First some facts about Crater lake from the US Geological Survey Website
Facts about Crater Lake
|maximum depth (July 2000)||594 m||1,949 ft|
|maximum depth (Year 1959)||589 m||1,932 ft|
|minimum depth (near Phantom Ship)||5-8 m||15-25 ft|
|average depth||350 m||1,148 ft|
|max diameter of caldera at the rim||9.7 km (east-west)||6.02 mi (east-west)|
|min diameter of caldera at the rim||7.3 km (north-south)||4.54 mi (north-south)|
|surface area||52.9 km2||20.42 mi2, 13,069 acres|
|highest peak in the park (Mount Scott)||2,721.6 m||8,929 ft|
|highest peak on the rim (Hillman Peak)||2,484.4 m||8,151 ft|
|average height of the caldera rim||2,188 m above sea level |
(305 m above lake surface)
|7,178 ft above sea level |
(1,000 ft above lake surface)
|record clarity depth (August 1994)||40.8 m||134 ft|
|average clarity depth||27.4-30.5 m||90-100 ft|
Crater Lake is filled with rain and melted snow that fell within the caldera basin. Crater Lake is isolated from surrounding streams and rivers, thus there is no inlet or outlet to the lake. Its primary input is from annual precipitation in the region. Average annual precipitation is 168 cm (66 in); average annual snowfall is 13 m (44 ft). It took approximately 250 years for the lake to fill to today's level (~1,883 m or ~6,178 ft above sea level). The lake maintains its current level because the amount of rain and snowfall equals the evaporation and seepage rate. Lake level has varied only over a range of 5 m (16 ft) in the past 100 years.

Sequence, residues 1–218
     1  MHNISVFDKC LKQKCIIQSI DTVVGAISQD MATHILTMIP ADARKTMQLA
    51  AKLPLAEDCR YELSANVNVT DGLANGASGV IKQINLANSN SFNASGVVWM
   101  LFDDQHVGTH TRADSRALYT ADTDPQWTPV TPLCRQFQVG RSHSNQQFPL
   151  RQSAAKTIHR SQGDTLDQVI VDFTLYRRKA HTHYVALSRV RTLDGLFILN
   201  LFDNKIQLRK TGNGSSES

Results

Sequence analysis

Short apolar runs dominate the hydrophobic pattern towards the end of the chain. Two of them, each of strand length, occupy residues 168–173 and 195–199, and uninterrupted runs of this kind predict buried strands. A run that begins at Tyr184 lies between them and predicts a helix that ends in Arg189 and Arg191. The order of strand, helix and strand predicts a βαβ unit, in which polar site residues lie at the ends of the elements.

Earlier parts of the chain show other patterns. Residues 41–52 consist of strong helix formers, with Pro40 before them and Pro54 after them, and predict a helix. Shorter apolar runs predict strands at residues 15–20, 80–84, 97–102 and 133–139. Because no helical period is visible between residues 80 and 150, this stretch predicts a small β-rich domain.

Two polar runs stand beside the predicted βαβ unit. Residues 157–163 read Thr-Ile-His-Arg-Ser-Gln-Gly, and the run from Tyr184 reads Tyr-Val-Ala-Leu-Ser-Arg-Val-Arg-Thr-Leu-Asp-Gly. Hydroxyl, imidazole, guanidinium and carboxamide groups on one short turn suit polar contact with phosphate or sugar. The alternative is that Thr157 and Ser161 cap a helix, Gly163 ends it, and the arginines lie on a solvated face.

Crater Lake is known to be the deepest lake in the United States and the seventh deepest in the world. A maximum lake depth of 608 m (1,996 ft) was recorded by a group of USGS representatives in 1886 using piano wire and lead weight. The maximum depth of 589 m (1,932 ft) was established in 1959 by the USGS using sonar measurement. This depth is referenced at the surface elevation of 1,882 m (6,176 ft). But since its primary input source is dependent upon the climate, lake level is subject to abrupt changes. Crater Lake partially fills the collapsed caldera of the ancient Mount Mazama Volcano. The caldera is a bowl-shape depression of about 1,219 m (4,000 ft) deep.
The maximum depth of Crater Lake recorded at the time of the July 2000 multibeam survey was 594 m ( 1,949 ft). The lake level had an elevation of 1,883 m (6,178 ft) above sea level at the time of the survey. The lake level of Crater Lake fluctuates according to the climate.
The record clarity of Crater Lake was measured at a depth of 41 m (134 ft) in August 1994. The lake clarity is measured with a secchi disk, a black and white disk lowered into the water with a cable. Its exceptional clarity is mainly due to its isolation from streams and rivers. There is no incoming stream to bring any organic materials, sediments, or chemicals to pollute the lake, although natural plankton in the lake and wind-borne pollen have seasonal effects on water clarity. Particulate materials and chemicals are mainly introduced into the lake through precipitation and run-off of the calderal walls. The caldera wall is composed of volcanic rocks that do not react with or dissolve easily in cold water, although warm water escaping from the caldera floor adds a small amount of dissolved solids.